International Monetary Fund
-International Monetary Fund-
Addressing Fundamental Economic Goals On an International Level
The International Monetary Fund is an important function that makes world trade less strenuous. The International Monetary Fund, or IMF as it is called, provides support and supervision to nations in all stages of economic progress. International trade is a key element to enable nations, large and small, to strengthen their economic positions. Larger nations need the international market to export their goods and services, and smaller nations also need this world scale market to import products so they are able to produce more efficiently. In order to achieve these goals, one major component must be in place. The ability to value other nation's currency. Throughout the years, many different ways have been used to do this, mostly ending in failure. There is no perfect way to accurately measure the true value of another country's currency. The International Monetary Fund is an effort to see each country's economic position, offer suggestions, and provide the fundamental economic security that is essential to a thriving (world) economy. Many of the domestic economic goals are reiterated by the INF on an international level.
To understand the current INF we will investigate the events leading up to its existence. Between 1879 and 1934 major nations used a method of international exchange known as the Gold Standard. The Gold Standard was simply a fixed-rate system. The rate was fixed to gold. In order for this system to function properly three things had to happen. First, each nation had to define its currency to gold (this definition then could not change). Second, each nation must than maintain a fixed relationship to its supply of money and its amount of actual gold. Third, the on-hand gold must be allowed to be exchanged freely between any nations throughout the world. With all of those policies successfully in place, the exchange rates of the participating countries would then be fixed to gold, therefore to each other. To successfully maintain this relationship some adjustments had to be made from time to time. For example, two countries A and B are doing international business together and A buys more of B's products than B buys of A's. Now B doesn't have enough of A's currency to pay for the excess products purchased. B now has what's called a balance of payment deficit. In order to correct for this deficit the following must occur; Actual gold must now be transferred to A from B. This transfer does two things. First, it reduces B's money supply (a fixed ratio must be maintain between the actual amount of gold, and the supply of money) hence lowering B's spending, aggregate income, and aggregate employment, ultimately reducing the demand for A's products. Second, A's money supply is now increased, raising A's spending, aggregate income, and aggregate employment, ultimately raising the demand for B's products. These two events happen simultaneously stabilizing the exchange rate back to its equilibrium.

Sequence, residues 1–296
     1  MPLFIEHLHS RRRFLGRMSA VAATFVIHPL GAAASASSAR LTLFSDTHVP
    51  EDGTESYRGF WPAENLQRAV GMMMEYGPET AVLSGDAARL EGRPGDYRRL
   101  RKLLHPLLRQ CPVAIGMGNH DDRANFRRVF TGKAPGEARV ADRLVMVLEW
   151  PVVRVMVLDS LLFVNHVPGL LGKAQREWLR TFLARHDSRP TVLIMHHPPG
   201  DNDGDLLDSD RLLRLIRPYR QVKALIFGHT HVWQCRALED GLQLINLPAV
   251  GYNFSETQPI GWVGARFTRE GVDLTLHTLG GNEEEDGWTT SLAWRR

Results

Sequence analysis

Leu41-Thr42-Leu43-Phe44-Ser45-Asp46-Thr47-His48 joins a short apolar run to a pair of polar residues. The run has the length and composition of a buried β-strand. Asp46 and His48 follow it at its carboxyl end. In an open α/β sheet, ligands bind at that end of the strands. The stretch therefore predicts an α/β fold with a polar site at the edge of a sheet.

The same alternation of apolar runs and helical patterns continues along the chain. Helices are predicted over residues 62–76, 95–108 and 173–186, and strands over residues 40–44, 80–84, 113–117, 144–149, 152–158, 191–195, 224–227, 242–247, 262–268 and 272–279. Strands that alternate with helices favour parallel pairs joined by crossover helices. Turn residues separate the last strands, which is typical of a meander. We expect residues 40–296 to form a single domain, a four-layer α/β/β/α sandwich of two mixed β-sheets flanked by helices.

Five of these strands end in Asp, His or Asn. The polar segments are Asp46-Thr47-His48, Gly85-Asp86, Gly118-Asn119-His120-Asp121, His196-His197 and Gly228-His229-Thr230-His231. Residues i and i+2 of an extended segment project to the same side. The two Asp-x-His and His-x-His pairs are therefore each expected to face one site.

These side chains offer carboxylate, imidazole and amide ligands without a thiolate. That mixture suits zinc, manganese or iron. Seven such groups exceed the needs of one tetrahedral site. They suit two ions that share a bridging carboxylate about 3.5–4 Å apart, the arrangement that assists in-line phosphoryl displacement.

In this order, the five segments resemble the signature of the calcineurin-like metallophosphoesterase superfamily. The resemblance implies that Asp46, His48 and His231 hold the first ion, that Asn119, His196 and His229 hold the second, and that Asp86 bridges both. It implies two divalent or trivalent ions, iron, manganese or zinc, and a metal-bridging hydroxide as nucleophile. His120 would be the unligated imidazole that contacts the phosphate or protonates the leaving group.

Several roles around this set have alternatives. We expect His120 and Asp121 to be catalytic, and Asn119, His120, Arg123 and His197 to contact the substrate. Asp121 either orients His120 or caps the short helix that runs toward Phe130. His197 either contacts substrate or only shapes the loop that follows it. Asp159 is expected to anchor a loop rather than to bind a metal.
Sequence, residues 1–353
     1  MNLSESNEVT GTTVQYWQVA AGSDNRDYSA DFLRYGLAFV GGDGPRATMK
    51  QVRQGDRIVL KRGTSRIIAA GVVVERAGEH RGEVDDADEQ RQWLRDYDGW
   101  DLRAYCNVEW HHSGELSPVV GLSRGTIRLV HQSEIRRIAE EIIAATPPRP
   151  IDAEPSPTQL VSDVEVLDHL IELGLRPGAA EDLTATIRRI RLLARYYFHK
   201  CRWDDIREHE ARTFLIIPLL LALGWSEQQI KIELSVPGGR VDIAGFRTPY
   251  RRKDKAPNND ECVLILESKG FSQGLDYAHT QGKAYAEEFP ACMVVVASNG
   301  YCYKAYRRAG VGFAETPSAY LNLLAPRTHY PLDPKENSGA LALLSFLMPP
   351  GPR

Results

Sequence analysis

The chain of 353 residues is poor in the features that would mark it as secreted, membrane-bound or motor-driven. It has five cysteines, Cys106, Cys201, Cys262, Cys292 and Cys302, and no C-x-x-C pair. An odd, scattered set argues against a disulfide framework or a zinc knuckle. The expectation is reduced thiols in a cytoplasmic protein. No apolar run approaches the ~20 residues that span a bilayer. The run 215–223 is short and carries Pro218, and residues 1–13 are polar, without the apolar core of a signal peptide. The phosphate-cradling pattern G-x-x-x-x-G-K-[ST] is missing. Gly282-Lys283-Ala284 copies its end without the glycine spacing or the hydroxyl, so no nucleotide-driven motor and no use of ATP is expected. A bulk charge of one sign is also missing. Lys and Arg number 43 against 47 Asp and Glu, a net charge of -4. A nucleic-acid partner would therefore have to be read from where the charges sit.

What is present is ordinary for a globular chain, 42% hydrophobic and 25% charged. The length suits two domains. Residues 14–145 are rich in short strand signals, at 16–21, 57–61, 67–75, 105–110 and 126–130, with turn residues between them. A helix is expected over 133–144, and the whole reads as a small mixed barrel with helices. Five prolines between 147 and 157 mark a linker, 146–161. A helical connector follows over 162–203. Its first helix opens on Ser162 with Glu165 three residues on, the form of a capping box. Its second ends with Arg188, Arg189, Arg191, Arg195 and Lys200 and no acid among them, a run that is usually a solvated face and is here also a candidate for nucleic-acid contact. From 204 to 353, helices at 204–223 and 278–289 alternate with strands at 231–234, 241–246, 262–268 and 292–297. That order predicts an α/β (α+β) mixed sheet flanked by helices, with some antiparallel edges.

The Gold Standard served the world's economy very well until one unfortunate event happened. The Great (worldwide) Depression of the 1930's presented the world with a new set of problems to be dealt with, not only domestically, but throughout the entire world. The situation was bad, so bad that nations would do anything to dig themselves out of economic disaster. Nations now would break the biggest rule of the Gold Standard. Nations started to redefine the value of there currency to gold. This act of devaluation, as it was called, disrupted the entire world's perception of the relationship of each country's currencies to there own. Bartering systems were tried, however, eventually the Gold Standard failed.
After The Depression international trading was crippled. A new method of international currency exchange had to be developed. Many ideas were listened to, but not until 1944 would a new entirely accepted method be adopted. During this year in Bretton Woods, New Hampshire a modified adjustable-peg system was formed, in addition to this new innovative system, the International Monetary Fund was formed.
For many years the Bretton Woods adjustable-peg system worked well. This system became more and more dependent of the United States currency's value. Since from the inception of the IMF in 1946 the